President Joe Biden opened his virtual meeting with China’s XI Jinping on Monday by saying their goal is to ensure competition “does not veer into conflict.”
The two leaders are meeting by video amid mounting tensions in the US-China relationship. Biden has criticized Beijing over human rights abuses against Uyghurs in northwest China, squelching democratic protests in Hong Kong, military aggression against the self-ruled island of Taiwan, and more. Xi’s deputies, meanwhile, have lashed out against the Biden White House for interfering in what it sees as internal Chinese matters.
“It seems to be our responsibility as the leaders of China and the US to ensure that the competition between our countries does not veer into conflict, whether intended or unintended, rather than simple, straightforward competition," Biden said at the start of the meeting.
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Biden would have preferred to meet Xi in person, but the Chinese leader has not left his country since before the start of the coronavirus pandemic.
The White House floated the idea of a virtual meeting as the next best thing to allow for the two leaders to have a candid conversation about a wide range of strains in the relationship.
Xi told Biden the two sides need to improve communication. The two leaders traveled together when both were vice presidents and know each other well.
“I stand ready to work with you, Mr. President, to build consensus, take active steps and move China-US relations forward in a positive direction,” said Xi, who called Biden his “old friend.”
Chinese officials said Taiwan would be their top issue for the talks. Tensions have heightened as the Chinese military has dispatched an increasing number of fighter jets near the self-ruled island of Taiwan, which Beijing considers part of its territory.
“The Taiwan issue concerns China’s sovereignty and territorial integrity, as well as China’s core interest,” Chinese Foreign Ministry spokesperson Zhao Lijian said Monday. “It is the most important and sensitive issue in China-US relations.”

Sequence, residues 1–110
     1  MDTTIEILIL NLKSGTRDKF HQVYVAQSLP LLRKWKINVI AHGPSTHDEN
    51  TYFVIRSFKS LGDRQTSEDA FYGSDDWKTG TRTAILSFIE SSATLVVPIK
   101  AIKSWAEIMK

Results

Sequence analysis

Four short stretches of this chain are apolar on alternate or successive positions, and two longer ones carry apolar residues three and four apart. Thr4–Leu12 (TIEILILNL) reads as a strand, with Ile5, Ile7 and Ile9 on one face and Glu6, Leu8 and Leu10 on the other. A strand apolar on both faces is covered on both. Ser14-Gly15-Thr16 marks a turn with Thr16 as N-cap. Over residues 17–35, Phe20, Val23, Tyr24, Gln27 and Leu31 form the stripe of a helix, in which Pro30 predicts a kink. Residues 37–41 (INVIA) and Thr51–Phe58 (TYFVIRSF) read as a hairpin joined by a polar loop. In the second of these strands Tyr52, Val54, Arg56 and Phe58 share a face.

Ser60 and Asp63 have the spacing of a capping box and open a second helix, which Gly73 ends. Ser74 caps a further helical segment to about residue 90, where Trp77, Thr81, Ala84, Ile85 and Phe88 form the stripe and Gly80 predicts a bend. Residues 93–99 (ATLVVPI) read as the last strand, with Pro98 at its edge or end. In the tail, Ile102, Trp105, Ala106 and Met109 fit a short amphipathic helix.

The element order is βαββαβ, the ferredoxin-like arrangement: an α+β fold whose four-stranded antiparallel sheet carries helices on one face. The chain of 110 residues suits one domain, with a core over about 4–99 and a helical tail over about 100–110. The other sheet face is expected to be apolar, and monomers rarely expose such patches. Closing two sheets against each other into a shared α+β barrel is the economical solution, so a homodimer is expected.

The White House said Biden will abide by the longstanding US “One China” policy, which recognizes Beijing but allows informal relations and defense ties with Taipei. Chinese military forces held exercises last week near Taiwan in response to a visit by a US congressional delegation to the island.
With Beijing set to host the Winter Olympics in February and Xi expected to be approved by Communist Party leaders to serve a third five-year term as president next year — unprecedented in recent Chinese history — the Chinese leader may be looking to stabilize the relationship in the near term. White House press secretary Jen Psaki added that the “condensing of power” in China made the leader-to-leader conversations essential.
Slowing economic growth and a brewing housing crisis also loom large for Beijing.
At the same time, Biden, who has seen his polling numbers diminish at home amid concerns about the lingering coronavirus pandemic, inflation and supply chain problems, is looking to find a measure of equilibrium on the most consequential foreign policy matter he faces.
Despite his domestic problems, White House officials made the case that Biden was coming into his meeting with Xi from a position of strength.
Earlier Monday, Biden signed into law a $1 trillion infrastructure bill, legislation to upgrade the nation’s crumbling infrastructure that the Democrat argued is crucial for the US as it seeks to retain a competitive edge over China.
“Because of this law, next year will be the first year in 20 years American infrastructure investment will grow faster than China’s,” Biden said. “We will once again have the best roads, bridges, ports and airports over the next decade.”
The White House set low expectations for the meeting with Xi: No major announcements or even a joint statement were anticipated.
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